February 4, 2004
FriendshipThe Glue that Holds Women
In 2000, UCLA scientists
Shelley Taylor, Ph.D., and Laura Klein, Ph.D., examined the female
response to stress. They found that while women do experience the
automatic fight or flight response to stress, they quickly
shift from this mode to one that allows them to care for their young,
and to reach out to others for assistance in protecting themselves.
The researchers termed this female response tend and befriend.
The researchers also discovered that hormonal changes in response
to stress are quite different for men and women. Males in fight
or flight mode produce androgen hormones, such as testosterone,
which are related to reactivity and aggression. Women, however,
produce oxytocin, a hormone released during breastfeeding.
Oxytocin helps promote bonding between a mother
and her baby. It also encourages her to tend to her children and
to befriend other women, and could be considered a built-in mechanism
for preserving the species. In addition, it produces a calming effect
in response to stress. Often, this is enhanced by estrogen. In contrast,
testosterone tends to negate the effect of oxytocin (which men produce
in small amounts). New studies suggest that the presence of oxytocin
in women may even help explain why women tend to live longer than
The long and short of it is that stronger connections
equal less stress, and less stress equals better health. The better
connected you are with your friends, family, and community, the
more likely you are to have a support network to turn to when times
get tough. Having someone to share your burdens with makes all the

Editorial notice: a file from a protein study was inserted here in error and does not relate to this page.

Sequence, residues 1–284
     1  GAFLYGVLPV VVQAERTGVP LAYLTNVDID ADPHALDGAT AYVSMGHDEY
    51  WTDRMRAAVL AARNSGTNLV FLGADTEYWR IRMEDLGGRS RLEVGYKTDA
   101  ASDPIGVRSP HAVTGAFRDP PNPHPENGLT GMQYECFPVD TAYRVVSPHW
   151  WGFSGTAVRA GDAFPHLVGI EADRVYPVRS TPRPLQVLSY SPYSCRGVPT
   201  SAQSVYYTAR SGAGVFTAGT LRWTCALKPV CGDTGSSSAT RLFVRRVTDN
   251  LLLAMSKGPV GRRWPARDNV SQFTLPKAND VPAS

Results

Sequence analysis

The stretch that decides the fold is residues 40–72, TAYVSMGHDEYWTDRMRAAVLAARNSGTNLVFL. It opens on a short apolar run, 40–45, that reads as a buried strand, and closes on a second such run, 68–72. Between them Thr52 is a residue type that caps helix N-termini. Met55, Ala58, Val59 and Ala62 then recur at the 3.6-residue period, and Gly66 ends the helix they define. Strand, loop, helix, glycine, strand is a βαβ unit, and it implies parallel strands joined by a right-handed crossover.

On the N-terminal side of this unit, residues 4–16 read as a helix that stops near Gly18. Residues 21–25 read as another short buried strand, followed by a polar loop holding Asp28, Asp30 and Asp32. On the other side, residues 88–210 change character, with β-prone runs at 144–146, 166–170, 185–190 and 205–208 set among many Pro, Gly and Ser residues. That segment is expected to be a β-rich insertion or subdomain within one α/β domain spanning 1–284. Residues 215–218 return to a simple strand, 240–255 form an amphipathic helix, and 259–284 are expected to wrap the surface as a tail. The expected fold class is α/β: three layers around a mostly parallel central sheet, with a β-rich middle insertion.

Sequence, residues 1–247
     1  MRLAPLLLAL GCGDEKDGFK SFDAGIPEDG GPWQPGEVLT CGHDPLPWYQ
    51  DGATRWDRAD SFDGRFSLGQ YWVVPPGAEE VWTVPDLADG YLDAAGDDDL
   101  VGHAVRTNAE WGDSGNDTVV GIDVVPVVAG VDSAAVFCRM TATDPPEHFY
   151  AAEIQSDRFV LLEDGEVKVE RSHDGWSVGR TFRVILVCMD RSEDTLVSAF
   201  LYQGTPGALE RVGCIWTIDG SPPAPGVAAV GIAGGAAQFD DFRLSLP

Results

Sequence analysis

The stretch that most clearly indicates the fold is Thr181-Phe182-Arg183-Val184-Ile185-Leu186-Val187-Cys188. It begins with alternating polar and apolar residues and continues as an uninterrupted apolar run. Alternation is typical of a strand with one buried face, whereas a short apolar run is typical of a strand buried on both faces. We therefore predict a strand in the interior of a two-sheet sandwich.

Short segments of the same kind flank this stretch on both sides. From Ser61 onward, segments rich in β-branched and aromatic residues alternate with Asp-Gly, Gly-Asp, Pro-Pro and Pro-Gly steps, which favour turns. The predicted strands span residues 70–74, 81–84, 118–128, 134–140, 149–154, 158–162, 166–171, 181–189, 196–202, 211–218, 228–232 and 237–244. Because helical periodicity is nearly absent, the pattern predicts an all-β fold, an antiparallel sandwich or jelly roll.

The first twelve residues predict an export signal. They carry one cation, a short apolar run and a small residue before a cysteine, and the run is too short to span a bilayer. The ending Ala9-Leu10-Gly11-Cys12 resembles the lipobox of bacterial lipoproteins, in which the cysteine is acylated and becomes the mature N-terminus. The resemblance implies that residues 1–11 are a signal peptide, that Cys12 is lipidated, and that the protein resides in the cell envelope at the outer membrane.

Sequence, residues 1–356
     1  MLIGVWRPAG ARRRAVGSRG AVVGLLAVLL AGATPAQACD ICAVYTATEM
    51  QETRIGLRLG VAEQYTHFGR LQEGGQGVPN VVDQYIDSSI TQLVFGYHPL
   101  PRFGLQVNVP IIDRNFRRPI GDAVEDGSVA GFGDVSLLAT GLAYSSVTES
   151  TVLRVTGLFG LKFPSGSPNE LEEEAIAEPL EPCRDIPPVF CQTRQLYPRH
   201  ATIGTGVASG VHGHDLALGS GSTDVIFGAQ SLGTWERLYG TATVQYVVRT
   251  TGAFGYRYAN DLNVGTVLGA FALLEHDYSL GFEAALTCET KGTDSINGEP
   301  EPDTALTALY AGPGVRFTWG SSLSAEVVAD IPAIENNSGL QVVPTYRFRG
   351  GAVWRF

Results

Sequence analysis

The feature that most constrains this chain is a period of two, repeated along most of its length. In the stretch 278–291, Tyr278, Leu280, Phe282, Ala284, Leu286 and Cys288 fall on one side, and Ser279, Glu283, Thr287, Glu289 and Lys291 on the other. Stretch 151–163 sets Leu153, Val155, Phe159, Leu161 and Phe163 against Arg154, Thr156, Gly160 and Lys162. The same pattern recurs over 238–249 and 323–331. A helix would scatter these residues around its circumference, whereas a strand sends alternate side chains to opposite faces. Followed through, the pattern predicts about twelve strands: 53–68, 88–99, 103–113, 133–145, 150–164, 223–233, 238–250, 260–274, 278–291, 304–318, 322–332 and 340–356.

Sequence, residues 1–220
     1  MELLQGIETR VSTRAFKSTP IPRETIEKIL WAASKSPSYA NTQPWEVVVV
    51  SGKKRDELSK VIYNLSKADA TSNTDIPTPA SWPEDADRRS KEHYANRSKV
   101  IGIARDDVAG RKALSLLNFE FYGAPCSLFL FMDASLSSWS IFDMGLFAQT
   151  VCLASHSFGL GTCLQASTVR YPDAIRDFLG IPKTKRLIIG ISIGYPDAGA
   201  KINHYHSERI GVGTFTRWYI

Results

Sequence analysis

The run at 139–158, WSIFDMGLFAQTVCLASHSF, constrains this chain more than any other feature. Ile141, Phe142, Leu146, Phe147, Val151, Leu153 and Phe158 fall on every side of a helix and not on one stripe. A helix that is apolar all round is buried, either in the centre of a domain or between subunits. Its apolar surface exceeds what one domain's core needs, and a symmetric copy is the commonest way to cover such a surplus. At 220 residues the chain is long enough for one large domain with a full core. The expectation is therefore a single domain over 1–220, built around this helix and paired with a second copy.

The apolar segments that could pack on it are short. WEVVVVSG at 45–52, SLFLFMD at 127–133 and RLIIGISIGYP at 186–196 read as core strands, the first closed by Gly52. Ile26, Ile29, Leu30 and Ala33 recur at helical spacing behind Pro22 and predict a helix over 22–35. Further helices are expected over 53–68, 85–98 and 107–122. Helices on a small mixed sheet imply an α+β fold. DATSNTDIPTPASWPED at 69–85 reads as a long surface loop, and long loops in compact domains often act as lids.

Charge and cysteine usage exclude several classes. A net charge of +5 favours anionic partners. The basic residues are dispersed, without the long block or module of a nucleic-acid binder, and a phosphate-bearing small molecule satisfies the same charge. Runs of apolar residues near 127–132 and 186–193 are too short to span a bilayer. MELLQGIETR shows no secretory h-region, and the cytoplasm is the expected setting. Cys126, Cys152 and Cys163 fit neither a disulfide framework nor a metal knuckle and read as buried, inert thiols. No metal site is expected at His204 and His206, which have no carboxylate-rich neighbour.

difference in the world. Think about how much better you feel after
talking to someone. If you’re like me, you’ve said on more than
one occasion, I feel better just hearing your voice,
when a close friend calls.
Numerous studies have supported the health benefit
of friendship. Social connections reduce your risk of disease by
lowering your blood pressure, cholesterol, and heart rate. The famed
Nurse’s Health Study from Harvard Medical School found that older
women were more likely to live a happier life and less likely to
age rapidly if they had close friends or a confidante to turn to.
Another study showed that those who had the most friends over a
9-year period cut their risk of death by more than 60 percent.
This has been proven true in even the most trying
times. Harvard researchers found that even after the loss of a spouse,
women with a network of close friends were more likely to live through
the trauma without their health suffering significantly.
So, the next time you are feeling stressed, think
about your body’s natural responseto connect with and care
for your family and friends. You may find that reconnecting brings
your stress level right back under control. Besides, hearing your
voice just might make someone else’s day.
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